Here’s an author interview with Rachel Kramer Bussel.
Find out what she had to say…
- How did you start writing erotica?
I was in law school, and had been reading erotica for a few years, and got it into my head that I could try my hand at it. Then I did, and my story “Monica and Me” made it into celebrity erotica anthology Starf*cker and Best Lesbian Erotica 2011. That early validation helped spur me on.
- What’s your favourite published work of yours and why?
I have a few favorites but the true-life ones that are dark are the ones I found most challenging and therefore the ones I’m most proud of, but I know that’s not everyone’s cup of tea. So “The End” is one of my favorites and most poetic, but I also have a fondness for the humorous pieces, like “Doing the Dishes” and “Lap Dance Lust.”
- What erotic authors do you enjoy reading?
So many! I’m a fan of Alison Tyler, Donna George Storey, Elizabeth Coldwell, Stan Kent, L. Elise Bland, Jacqueline Applebee, Shanna Germain, Kay Jaybee, but am always looking for the next story that’ll wow me. I’m probably forgetting some too (sorry). I like people who have a unique writing style but aren’t afraid to mix it up. When you’re reading as much erotica as I do for my anthologies, it can be easy to get bored, but there is always something new and exciting around the corner.
- Where do you draw your inspiration from?
All over—my life, my friends, the news, a random word or image or piece of clothing or location. I try to look around and see what seems interesting, but usually there’s an image that begs to be written about. I love having a real-life location or object to focus on and build a fictional story around it. That way I can include details that sound realistic but also give my imagination free reign.
- Do you have any unusual writing rituals?
Not really. I try to push past the parts where the writing is toughest and just keep going. I’ll sometimes look at my outfit or my surroundings and fixate on an object to include in a story if I’m having trouble.
- Where’s your favourite place to write?
I have a laptop and take it to Starbucks. There’s one in particular in Greenpoint, Brooklyn, that’s in an old movie theater, that I like. Any café where I’ve successfully written a story is one I am happy to return to; I feel like I’m channeling good writing energy.
- Who is your favourite character from one of your stories and why?
I’ve just started getting into writing in the third person, and it gives me a way to access the characters I don’t in other tenses. I’m the type of person who’s always interested in the story I’ve just written or am about to write, so one recent one that will be in Take Me There: Trans and Genderqueer Erotica is called “Punching Bag” and it’s about a transgender man named Kyle who takes up boxing and has an encounter at the gym. It starts out, “Kyle still wasn’t sure, two years in, if he liked punching or being punched better, on or off the ring.” It was a stretch for me in a few ways, but I find that when I write characters who are different from myself, the most illuminating things are usually the places were we actually intersect, where I can bring some small part of my own sexuality into the story.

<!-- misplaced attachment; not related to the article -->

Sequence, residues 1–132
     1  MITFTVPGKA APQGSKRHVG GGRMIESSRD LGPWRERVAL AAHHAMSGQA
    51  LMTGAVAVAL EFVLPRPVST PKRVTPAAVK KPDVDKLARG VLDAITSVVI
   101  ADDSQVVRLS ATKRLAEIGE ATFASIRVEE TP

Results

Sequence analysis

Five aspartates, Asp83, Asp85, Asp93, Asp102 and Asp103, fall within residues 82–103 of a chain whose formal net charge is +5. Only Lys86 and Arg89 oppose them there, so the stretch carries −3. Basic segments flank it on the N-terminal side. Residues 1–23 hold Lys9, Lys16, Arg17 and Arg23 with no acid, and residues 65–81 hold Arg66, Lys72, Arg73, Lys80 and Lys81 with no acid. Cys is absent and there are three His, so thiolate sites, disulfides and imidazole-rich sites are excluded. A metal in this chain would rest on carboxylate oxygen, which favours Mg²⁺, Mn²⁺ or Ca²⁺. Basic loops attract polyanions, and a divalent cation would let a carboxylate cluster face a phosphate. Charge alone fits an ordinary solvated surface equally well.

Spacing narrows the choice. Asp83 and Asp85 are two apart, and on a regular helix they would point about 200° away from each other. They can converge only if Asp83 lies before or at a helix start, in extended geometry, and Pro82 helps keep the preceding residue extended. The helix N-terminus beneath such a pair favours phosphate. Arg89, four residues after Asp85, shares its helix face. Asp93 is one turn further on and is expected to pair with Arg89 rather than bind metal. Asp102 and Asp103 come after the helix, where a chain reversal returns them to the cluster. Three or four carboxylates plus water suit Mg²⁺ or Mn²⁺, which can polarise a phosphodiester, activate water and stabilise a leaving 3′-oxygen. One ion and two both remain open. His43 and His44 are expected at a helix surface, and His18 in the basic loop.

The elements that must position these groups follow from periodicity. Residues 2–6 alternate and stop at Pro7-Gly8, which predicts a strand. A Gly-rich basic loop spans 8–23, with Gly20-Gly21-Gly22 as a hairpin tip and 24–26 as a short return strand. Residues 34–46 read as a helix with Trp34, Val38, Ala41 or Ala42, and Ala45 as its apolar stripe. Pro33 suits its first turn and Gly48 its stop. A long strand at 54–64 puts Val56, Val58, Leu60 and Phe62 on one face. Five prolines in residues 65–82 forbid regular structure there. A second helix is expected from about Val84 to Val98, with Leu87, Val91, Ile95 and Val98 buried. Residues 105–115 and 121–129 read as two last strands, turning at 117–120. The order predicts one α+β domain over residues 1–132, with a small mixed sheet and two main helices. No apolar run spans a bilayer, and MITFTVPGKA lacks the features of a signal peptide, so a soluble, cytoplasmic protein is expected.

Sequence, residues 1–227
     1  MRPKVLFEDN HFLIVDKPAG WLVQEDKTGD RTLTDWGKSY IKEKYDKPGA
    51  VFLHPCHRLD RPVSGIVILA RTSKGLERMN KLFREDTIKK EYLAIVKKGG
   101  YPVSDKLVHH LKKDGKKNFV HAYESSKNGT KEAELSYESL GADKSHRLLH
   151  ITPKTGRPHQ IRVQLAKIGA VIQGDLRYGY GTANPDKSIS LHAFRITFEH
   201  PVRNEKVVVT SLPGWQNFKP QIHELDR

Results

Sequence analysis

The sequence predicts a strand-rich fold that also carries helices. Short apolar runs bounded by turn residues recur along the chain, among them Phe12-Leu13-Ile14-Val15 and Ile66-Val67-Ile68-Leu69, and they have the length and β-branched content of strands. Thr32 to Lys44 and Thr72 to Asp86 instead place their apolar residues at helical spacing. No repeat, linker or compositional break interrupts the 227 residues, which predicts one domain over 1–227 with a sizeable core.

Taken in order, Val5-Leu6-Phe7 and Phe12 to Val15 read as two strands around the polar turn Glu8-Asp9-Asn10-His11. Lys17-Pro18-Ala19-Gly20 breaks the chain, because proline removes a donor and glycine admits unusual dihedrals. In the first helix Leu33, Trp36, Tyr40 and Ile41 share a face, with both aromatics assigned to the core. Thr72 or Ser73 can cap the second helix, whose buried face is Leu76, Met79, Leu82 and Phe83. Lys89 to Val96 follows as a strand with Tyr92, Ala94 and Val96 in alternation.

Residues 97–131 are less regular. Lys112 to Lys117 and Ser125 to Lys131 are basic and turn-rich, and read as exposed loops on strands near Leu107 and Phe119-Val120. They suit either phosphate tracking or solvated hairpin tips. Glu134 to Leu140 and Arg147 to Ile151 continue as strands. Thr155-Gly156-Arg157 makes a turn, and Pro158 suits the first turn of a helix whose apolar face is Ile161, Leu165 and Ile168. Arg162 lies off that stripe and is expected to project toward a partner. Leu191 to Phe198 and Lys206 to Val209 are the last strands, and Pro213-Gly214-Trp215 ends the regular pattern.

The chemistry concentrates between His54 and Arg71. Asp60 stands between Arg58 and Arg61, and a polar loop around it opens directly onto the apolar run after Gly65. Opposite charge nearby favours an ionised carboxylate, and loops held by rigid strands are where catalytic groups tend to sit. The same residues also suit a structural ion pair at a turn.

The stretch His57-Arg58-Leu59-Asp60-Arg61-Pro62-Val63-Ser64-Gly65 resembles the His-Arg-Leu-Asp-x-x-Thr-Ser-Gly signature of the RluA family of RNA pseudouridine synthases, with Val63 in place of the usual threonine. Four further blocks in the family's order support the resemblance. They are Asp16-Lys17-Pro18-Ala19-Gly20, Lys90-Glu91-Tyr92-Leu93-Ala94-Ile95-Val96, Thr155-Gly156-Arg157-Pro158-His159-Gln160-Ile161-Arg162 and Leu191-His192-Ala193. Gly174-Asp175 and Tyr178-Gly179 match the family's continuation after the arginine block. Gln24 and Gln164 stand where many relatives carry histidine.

- Do your nearest and dearest know what you do, and if so, what was their reaction when they found out?
Yes, I use my real name so pretty much everyone I’m related to knows. I don’t know what other people think and honestly try my best to stay focused on how I feel about my writing and keeping it fresh. The more I start to worry about what other people think the tougher writing gets.
- What was your ideal career when you were a child?
I wanted to be a geneticist!
- How do you get yourself in the mood to write?
I’m usually in the mood to write by the time I sit down to write; it’s getting myself to get there. I am always thinking of things I want to write and my biggest challenge is just getting there already. If I really can’t think of anything, I’ll look at lingerie or shoes or sex toys online, or the news, and try to see if something jogs my imagination.
- What’s the best writing tip you’ve ever been given?
I think to start writing and go for five or ten minutes—Natalie Goldberg talks about this in Writing Down the Bones. I don’t always follow this advice, but I do think it’s excellent for forcing you to stop overthinking.
- If you get writer’s block when you’re writing, how do you get around it?
Well, often I just start a new file or go to another story, but I also sometimes skip to the middle or end of a story, try to write that, or part of that, and then go back to the part that’s bothering me. Sometimes these extra parts wind up demanding their own story. Thankfully I usually have a few stories going at once so I can skip around.
- Which author, erotic or otherwise would you love to meet and why?
Good question! I’ve been lucky to have had the chance to meet so many of my favorite writers.
- What’s your favourite genre within erotica and why?
I don’t have a specific genre; I do tend to prefer contemporary pieces.
- What are you working on at the moment?
I’m working on what I’m calling a “mini memoir” that I hope to sell in e-book form and cover how I came to be a sex columnist and erotica writer, plus assorted short stories and articles, and I have a few other longer ideas I’m trying to put together. I’m always happy when I can get into the zone and get immersed in a story…and then be gentle enough with it to be able to let go of it and finish it. Word limits help me in this regard.
- What’s your biggest writing achievement? Why?
Selling that first story was pretty momentous. I hope my biggest writing achievement hasn’t happened yet – there’s lots I want to do!